In this three part discussion, we will start with image capture, processing and color space. Part two will discuss media profiles, screen calibration and print drivers and software, part three will cover the printing process, printers and media.

Have you been counted?

Have you signed up to be counted in NEFA’s CultureCount? NEFA (New England Foundation for the Arts) is a enormous resource for anyone in the arts in New England.  If you are an artist, run a creative business or represent a cultural nonprofit you should be counted. Click here to find out why you should be listed.  http://www.culturecount.org/public/whycreate.aspx

CultureCount is a free creative economy database.  CultureCount is a centralized source of descriptive, financial, demographic, and geographic information about cultural nonprofits, businesses, and professionals in New England.

CultureCount provides a comprehensive representation of the creative economy of New England that supports the advocacy, fundraising, cultural analysis, and policy development efforts of artists, cultural organizations, researchers, and policy makers. CultureCount users can log on to discover cultural organizations, explore their communities, and analyze economic impact.

It is important to our regional economy that those of us who are working in the Creative Economy be counted. If you are not sure if you or your business would be identified as part of the creative economy click on this link to see if you fit the definition http://www.nefa.org/sites/default/files/ResearchCreativeEconRptHighlihghts.pdf.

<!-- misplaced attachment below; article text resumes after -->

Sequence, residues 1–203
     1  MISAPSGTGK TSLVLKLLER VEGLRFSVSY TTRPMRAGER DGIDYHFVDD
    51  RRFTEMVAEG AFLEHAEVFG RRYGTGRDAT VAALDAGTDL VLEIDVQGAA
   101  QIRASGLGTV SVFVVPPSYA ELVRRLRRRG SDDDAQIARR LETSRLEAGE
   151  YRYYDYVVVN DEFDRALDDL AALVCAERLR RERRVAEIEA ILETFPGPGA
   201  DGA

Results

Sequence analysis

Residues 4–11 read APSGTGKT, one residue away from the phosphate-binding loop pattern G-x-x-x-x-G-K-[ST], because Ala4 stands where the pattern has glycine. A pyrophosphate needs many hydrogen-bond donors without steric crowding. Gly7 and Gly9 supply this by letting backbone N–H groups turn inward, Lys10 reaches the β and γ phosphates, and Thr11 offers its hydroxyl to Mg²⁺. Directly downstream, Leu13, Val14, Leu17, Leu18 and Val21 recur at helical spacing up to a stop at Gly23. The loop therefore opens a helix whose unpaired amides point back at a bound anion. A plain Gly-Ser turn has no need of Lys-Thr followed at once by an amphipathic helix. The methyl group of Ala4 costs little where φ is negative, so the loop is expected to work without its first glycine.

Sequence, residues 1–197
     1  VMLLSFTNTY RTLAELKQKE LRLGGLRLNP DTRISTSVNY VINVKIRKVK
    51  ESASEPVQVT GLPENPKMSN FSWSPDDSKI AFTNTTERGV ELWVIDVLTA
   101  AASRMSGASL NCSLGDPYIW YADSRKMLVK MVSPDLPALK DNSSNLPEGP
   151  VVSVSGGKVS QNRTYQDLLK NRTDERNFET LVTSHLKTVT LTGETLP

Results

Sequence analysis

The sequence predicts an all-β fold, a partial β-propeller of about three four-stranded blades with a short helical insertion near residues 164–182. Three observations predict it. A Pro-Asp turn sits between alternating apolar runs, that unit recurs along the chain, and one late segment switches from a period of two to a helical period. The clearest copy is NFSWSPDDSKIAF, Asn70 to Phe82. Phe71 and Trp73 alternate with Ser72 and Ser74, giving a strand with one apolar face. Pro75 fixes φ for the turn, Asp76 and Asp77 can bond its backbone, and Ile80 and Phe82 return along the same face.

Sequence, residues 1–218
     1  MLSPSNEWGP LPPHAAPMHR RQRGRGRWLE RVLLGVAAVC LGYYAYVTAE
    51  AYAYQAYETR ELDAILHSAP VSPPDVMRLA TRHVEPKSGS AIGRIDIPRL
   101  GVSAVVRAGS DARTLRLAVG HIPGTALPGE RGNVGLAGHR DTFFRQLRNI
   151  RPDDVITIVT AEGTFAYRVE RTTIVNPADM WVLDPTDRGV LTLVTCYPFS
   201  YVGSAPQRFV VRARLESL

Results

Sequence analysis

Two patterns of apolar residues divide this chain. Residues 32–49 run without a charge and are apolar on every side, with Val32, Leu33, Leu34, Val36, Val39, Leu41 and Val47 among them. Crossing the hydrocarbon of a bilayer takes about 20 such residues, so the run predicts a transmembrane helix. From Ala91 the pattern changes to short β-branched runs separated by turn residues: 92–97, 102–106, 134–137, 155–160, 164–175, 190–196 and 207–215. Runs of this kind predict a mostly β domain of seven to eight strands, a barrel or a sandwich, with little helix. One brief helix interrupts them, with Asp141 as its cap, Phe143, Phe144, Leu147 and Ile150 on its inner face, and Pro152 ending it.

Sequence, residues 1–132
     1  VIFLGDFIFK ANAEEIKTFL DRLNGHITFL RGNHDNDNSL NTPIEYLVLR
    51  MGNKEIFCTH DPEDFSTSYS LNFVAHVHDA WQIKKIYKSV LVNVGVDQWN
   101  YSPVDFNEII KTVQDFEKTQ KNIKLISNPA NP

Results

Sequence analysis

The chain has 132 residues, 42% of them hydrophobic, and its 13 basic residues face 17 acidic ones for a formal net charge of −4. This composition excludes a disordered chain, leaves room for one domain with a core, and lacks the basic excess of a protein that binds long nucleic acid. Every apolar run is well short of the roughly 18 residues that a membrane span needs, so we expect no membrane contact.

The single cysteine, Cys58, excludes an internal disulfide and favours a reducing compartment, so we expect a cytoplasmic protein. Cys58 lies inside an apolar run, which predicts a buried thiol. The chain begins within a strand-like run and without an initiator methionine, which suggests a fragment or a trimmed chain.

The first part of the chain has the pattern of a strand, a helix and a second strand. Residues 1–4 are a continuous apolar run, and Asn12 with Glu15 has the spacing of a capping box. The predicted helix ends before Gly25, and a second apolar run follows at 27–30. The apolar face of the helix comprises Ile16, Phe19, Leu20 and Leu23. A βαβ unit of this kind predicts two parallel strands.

Creative Communities Exchange

Last week I had the great opportunity to attend the NEFA’s (New England Foundation for the Arts) Creative Community Exchange in North Adams. This event, hosted by Mass MoCA and Berkshire Creative, focused on how development of creative spaces and creative economies has benefited towns and regions throughout New England.

The event was made up of workshops presented by cultural and creative community leaders.  The presenters focused on the successful implementation of developing the creative economy in their towns, cities or regions. With four different workshops in each session time slot, it was a difficult choice to decide which workshops to attend.

On Wednesday, May 18 the activities began with a tour of Mass MoCA lead by Joe Thompson, Director of Mass MoCA.  This was an intimate look behind the scenes.  It was wonderful to hear the story of space and exhibit development from such a knowledgeable person.